Big government out of Raleigh

By Paul T. O'Connor | Jun 05, 2014

RALEIGH – The true conservatives were all in a lather about federal intrusion into states’ rights during Tuesday’s House Education Committee.

First they complained about the federal courts and their attacks on God, then about federal intrusion into education and then about the lack of judicial and congressional attention to the 10th Amendment to the U.S. Constitution.

The true conservatives, you see, believe that local folks know best how to govern locally and that this big, bad government in Washington should just stop interfering in the affairs of North Carolina.

What was most amazing about the prolonged committee meeting, or you might call it a rant, was that no audience member stood up and shouted: “Pot, kettle. Pot, kettle. Pot, kettle.”

That’s because the very same crowd that complains so loudly about big government out of Washington has become big government out of Raleigh when it comes to interfering in municipal affairs.

The governing mob believes that when it comes to North Carolina affairs, all the wisdom resides in Raleigh, more accurately, in themselves. And they believe this even though four short years ago, and for the 110 years or so before that, they were the biggest proponents of letting local governments run local affairs in this state minus interference from Raleigh.

The following day, mayors descended on the Legislative Building to remind legislators that they are elected officials, also, and that they are closest to the pulse of their hometowns when it comes to running those cities and towns.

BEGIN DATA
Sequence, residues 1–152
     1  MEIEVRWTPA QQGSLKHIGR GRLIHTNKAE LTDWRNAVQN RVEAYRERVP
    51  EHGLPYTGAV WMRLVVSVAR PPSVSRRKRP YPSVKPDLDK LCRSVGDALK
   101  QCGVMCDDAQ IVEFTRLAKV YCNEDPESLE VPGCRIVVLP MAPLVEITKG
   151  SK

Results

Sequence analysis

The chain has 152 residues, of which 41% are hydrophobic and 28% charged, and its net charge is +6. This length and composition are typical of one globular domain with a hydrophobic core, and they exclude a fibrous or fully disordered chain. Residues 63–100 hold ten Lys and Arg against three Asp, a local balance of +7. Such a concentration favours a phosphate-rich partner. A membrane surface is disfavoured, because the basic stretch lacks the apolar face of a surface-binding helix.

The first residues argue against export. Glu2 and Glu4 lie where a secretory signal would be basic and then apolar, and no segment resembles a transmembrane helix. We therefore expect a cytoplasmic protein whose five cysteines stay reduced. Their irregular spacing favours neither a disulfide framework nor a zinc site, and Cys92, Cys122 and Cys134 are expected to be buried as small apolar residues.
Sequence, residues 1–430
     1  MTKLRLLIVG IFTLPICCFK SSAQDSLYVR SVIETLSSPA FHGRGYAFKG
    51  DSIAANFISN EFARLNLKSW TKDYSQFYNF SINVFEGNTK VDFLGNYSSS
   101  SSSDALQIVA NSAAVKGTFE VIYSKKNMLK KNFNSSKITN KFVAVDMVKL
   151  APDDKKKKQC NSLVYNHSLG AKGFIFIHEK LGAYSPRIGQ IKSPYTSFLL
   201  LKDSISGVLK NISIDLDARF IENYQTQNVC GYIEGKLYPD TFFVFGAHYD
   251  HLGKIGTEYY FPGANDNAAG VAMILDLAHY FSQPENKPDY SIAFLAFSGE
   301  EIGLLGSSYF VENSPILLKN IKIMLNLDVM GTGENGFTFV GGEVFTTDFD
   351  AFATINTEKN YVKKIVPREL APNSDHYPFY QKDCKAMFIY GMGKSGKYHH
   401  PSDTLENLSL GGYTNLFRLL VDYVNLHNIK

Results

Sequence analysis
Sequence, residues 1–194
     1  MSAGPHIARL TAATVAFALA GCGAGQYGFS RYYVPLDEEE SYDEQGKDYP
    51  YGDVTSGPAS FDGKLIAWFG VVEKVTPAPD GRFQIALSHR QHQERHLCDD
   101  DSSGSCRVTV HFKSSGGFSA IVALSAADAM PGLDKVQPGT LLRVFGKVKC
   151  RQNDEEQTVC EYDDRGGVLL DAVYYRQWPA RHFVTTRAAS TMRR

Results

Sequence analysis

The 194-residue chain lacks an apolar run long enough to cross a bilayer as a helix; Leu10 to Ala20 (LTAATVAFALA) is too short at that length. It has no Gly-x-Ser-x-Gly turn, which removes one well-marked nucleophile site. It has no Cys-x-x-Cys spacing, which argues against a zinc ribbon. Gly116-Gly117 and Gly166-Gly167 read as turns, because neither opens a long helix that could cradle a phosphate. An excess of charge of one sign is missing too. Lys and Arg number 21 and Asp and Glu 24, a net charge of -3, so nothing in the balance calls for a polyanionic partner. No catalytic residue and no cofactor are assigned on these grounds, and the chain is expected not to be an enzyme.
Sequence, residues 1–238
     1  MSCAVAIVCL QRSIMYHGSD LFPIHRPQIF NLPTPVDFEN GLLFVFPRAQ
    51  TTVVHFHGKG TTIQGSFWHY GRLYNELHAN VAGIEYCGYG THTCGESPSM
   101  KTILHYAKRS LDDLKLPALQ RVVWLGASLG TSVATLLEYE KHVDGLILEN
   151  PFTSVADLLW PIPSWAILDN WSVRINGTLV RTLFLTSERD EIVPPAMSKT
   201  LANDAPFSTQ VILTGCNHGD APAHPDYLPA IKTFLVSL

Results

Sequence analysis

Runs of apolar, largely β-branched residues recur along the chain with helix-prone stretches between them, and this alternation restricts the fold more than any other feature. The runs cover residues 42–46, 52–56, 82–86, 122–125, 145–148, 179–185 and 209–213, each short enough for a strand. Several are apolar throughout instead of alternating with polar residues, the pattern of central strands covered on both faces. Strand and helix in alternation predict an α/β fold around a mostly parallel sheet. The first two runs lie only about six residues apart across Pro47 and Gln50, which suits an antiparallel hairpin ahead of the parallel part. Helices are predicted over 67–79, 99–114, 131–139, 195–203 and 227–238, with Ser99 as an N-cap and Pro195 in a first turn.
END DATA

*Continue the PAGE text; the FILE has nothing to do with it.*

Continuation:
But the 2013-14 General Assembly is oblivious to that concept. Last year they tried to take over the Charlotte airport, the Asheville water system and just about everything else municipal except recycling days in Manteo.

Several mayors met with reporters and explained how that Raleigh-centric power grab hurt the taxpayers of their towns.

Al King, Goldsboro mayor and president of the N.C. League of Municipalities, told reporters how his town was forced to de-annex territory that it had annexed several years before and then spent more than $4 million providing services to.

Lestine Hutchens, the league’s second vice president and mayor of Elkin, said her town provided a financial incentive to lure a company that fabricates windshields. The town did so based on projections of franchise taxes the company would pay to the town. Then the legislature outlawed the tax this year and left the town without the required revenue stream.

“They can accidentally kill a town,” she said.

In both cases, heavy-handed rule from Raleigh, the very kind of big government conservatives regularly decry when it comes from Washington, had deleterious effects locally.

The repeal of the franchise tax will cost Burlington $500,000 a year, Mayor Ronnie Wall said. To make that up, the city can add a quarter cent to the property tax rate, fire eight police officers or firefighters or let a bunch of streets go unrepaired.

 

Legislators caused these messes by dictating from Raleigh. The mayors will be left to clean up back at home.

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